Syria safe zones hit by clashes on first day

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The Syrian regime's air force would essentially be grounded as most of its bombing has been concentrated on rebel-held areas. The reality, however, is that the zones are now being used in service of a ceasefire the USA never really supported to begin with, and with the US-backed rebels also objecting about the ceasefire getting in the way of their war, the USA will be non-cooperative.

Moscow says the USA, the United Nations and Saudi Arabia also support the idea. Adrian JT Rankine-Galloway, using an alternative acronym for the hardline group.

The Pentagon said the de-escalation agreement would not affect the US -led air campaign against IS. "As for the agreements, we are not a party to that agreement and of course we will never be in favour (of it) as long as Iran is called a guarantor state".

Jordan is not part of the agreement signed in the Kazakh capital Astana to create deescalation zones in Syria, a top government official said on Saturday.

Russian Col. -Gen. Sergei Rudskoi told reporters on Friday that personnel from Russia, Iran and Turkey will operate checkpoints and observation posts.

The U.S., on the other hand, has long held the position that Assad must leave power in order to end Syria's ongoing and bitter civil war - a conflict that has left hundreds of thousands dead and has driven millions from their homes.

A State Department official who didn't want to be identified told CNN, "The United States supports any effort that can genuinely de-escalate the violence in Syria, ensure unhindered humanitarian access, focus energies on the defeat of ISIS and other terrorists, and create the conditions for a credible political resolution of the conflict".

It said, additonally, "In light of the failures of past agreements, we have reason to be cautious".

Russian Federation suspended the agreement a month ago following a US missile strike on a Syrian air base in response to a deadly chemical gas attack that has been blamed on the Syrian government forces.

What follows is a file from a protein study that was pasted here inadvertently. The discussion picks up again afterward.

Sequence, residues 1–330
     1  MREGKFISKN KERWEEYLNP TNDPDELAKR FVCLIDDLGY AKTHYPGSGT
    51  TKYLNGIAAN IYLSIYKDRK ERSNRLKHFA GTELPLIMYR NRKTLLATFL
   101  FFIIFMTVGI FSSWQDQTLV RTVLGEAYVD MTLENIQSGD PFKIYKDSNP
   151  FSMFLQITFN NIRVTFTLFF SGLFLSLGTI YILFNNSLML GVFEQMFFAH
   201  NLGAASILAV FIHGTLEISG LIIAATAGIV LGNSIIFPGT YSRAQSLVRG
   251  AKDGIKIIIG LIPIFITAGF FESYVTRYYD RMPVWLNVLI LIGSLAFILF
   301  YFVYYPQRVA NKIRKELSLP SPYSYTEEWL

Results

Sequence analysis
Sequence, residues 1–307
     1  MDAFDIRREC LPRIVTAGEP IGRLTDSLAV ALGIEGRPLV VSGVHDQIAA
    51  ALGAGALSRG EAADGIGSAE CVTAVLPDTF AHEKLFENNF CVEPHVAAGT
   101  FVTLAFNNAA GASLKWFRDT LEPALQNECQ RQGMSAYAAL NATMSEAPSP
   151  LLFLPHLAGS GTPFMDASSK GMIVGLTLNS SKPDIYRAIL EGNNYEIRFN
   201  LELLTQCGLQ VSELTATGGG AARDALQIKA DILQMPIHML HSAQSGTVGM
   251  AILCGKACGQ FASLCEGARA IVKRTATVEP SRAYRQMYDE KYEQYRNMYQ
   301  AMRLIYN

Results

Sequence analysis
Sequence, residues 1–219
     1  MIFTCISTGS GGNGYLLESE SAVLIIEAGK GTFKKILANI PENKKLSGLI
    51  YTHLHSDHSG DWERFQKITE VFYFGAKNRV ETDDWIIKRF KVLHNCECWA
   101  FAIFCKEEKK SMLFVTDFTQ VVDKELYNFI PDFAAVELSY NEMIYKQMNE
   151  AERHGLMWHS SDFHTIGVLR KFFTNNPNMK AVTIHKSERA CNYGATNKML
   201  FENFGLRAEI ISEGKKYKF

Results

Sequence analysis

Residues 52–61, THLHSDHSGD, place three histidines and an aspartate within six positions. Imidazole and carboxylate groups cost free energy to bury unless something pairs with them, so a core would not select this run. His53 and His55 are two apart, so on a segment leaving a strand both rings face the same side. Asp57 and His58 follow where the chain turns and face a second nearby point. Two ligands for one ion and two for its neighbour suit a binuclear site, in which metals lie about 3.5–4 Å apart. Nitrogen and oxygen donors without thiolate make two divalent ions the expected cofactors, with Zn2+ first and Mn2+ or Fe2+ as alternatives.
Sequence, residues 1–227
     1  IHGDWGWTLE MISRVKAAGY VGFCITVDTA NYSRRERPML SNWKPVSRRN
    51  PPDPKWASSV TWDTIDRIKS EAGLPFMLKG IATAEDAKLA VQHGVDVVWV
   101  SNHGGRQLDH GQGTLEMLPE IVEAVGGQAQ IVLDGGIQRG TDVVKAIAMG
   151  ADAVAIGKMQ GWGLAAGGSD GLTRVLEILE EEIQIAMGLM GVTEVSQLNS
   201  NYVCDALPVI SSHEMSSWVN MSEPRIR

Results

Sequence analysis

Syria's rebels have expressed their reservations over a Russia-backed "de-escalation zones" deal and are protesting Iran's role in guaranteeing the agreement.

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The Britain-based Observatory said it had recorded no civilian casualties yet on Saturday, but that several fighters were killed in regime bombardment of Daraa and Aleppo provinces in the first reported deaths since the deal came into effect.

The call came as a Russia-initiated plan to set up safe zones was to take effect.

It said the agreement "lacks the minimal elements of legitimacy" and also rejected any role for government ally Iran as a guarantor of the deal.

The Syrian government supported the de-escalation plan, but said it would continue to fight what it termed "terrorist" groups.

Russian Federation and Iran - two of the plan's three sponsors - are key allies of President Bashar Assad's government and both are viewed as foreign occupation forces by his opponents.

Nauert also says the US -backed Syrian opposition must live up to its commitments. Teams of global observers would monitor the safe zones.

In the tangled mess that constitutes Syria's battlefields, there is much that can go wrong with the plan, agreed on in talks Thursday in Kazakhstan.

Turkey, Iran and Russian Federation have signed an agreement calling for the setting up four "de-escalation zones" in war-torn Syria in the latest attempt to reduce violence in the Arab country.

Lavrentyev suggested that all military aircraft, including Russian and Turkish, are prohibited. But the full details of the proposal were not made available and prospects for its success appeared bleak.

In Washington, Pentagon spokesman Captain Jeff Davis told reporters the USA -led coalition in Syria had not altered its operations, but declined to comment on the de-escalation zones. However, no details were provided about how violence will be reduced in these areas.